October 23, 2007

Pre-Surgical Meeting and Testing

Yesterday was a really big day and we are all exhausted today. On Sunday, Rob, Evan, Chuck and I went to NY in preparation for a full day of testing and appointments for Evan. We stayed at the Ronald McDonald House and my mom stayed in VA with Aria. Having Chuck with us on this trip was extremely helpful. It allowed us to really focus on our conversation with Dr. Weiner and Evan loved having so much special time with Chuck!

Our first stop was pre-operative testing. They checked Evan's vitals, got his medical history and drew blood for a full work-up. Although Evan wasn't thrilled about having blood drawn, he did really well and was so cooperative. Next, we met with a doctor from the anesthesia team. She was informative about what to expect the day of surgery and praised us for having already been to a cardiologist and having the report for her. We were just following directions! Apparently, if we hadn't done that in VA, she'd have sent us to get it done at NYU Hospital while we were there. She also said if anyone comes to our house with a cold or a cough, we should politely send them away. If Evan isn't healthy, the anesthesiologist can veto any surgery.

Our final and most important appointment was with the neurosurgeon, Dr. Weiner. While Evan was having testing done, Dr. Weiner's office called to let us know he was running a half hour late, so we took our time heading over there. When we got to his office, Dr. Weiner came out to tell us he had two emergency brain surgeries so he needed to push our appointment back a bit, but would meet with us between the surgeries. He seemed very calm and relaxed while he told us this, but it seemed pretty dramatic to us!

Before we went to lunch to fill the time prior to meeting with Dr. Weiner, we met with the nurse practitioner in his office who answered some of our basic questions...we don't have to shave Evan's head...they will shave the incision site only...the good bed in the PICU is by the window and she'll try to use her pull to get it for us...Evan will be on IV antibiotics and steroids the whole time he's in the PICU to keep swelling down and avoid infection...He'll have an MRI immediately before the first surgery and another one the next day to see exactly where all the grids are...the steroids will make Evan ravenously hungry...etc.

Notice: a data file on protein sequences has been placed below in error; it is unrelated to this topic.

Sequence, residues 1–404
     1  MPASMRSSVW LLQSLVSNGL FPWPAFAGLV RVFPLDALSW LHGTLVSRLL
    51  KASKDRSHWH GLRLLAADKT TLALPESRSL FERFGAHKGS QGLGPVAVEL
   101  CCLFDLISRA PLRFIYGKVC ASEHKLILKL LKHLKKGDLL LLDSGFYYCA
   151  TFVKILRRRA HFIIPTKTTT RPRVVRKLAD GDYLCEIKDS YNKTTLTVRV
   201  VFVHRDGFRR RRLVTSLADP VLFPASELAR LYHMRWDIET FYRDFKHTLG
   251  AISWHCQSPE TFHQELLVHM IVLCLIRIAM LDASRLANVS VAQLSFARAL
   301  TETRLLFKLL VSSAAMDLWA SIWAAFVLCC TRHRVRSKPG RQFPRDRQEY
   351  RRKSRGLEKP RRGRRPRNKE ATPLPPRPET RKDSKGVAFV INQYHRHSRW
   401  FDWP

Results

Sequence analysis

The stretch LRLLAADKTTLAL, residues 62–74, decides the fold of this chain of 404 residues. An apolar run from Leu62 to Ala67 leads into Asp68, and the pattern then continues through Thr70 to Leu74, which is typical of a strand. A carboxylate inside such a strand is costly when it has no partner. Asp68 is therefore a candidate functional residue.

After lunch we went back to Dr. Weiner's office and Evan played with a couple kids in the waiting room. We used ample amounts of anti-bacterial hand wipes and gel throughout the day and actually used the entire container Chuck brought with him -- it was in a neat spray bottle and much cooler than the ones we buy!

Dr. Weiner got back to his office, looking every part the surgeon in his green scrubs and hair sticking up -- presumably from the hat he was wearing during surgery. He was great to talk to and discussed the surgery in detail. He's personally done about 500 epilepsy surgeries and 45 of them were TSC patients. We were a little surprised the number wasn't higher on the TSC surgeries, but we have to remember that this is a rare condition. He went over lots of statistics and NYU fares very well. We had already decided to do the surgery at NYU and much of what he said was reassuring and consistent with what we had already researched. Generally speaking, Dr. Weiner seems very down-to-earth and in spite of his reputation, very humble. He is an extremely likeable person without any attitude we might have expected from a highly accomplished neurosurgeon.

He also has a sense of humor...I came up with this idea of challenging him to a game of Operation. I ran my idea past a few people and some thought it would be disrespectful, while others thought it would be funny. They are probably both right. Since he had a second emergency surgery to perform, I just presented the game to him -- he seemed quite amused and happy to get the Operation game. He said nobody had ever given him Operation before and I was a little surprised -- it seems like such an obvious thing to give a surgeon! We pointed out that there is a "brain freeze" he can remove. He said he's going to bring it home to play the game with his kids...we're rooting for Dr. Weiner!


Mary said...

Challenging the neurosurgeon to a game of Operation is SUCH a Moss thing to do! He may beat his kids, but I'm sure you would have beaten him (but would you really want to???). . .

I had a wonderful chat with your firstborn. Sounds like she's keeping Grandma busy! I'll say it again, you're doing a great job managing all these details and giving both the kids such a normal life in spite of this challenge! I'm proud of you, and here to help as I can when you need it.

Tori's being very careful to avoid contagious people before she comes to visit you tomorrow. Thanks for helping her out with that travel stuff.

We love you all!


Mama Lisa said...


Yes, it wouldn't have been good to have won at Operation, I wouldn't want to rattle Dr. Weiner's nerves!

It's been great having my mom here and she has been extremely helpful with the kids. It was a lot of fun to see Tori yesterday too, and Aria and Evan were so excited to hang out with her. Tori and I sat up way too late talking after everyone else went to bed and were up before dawn to get her to the airport. I'm glad it's Friday!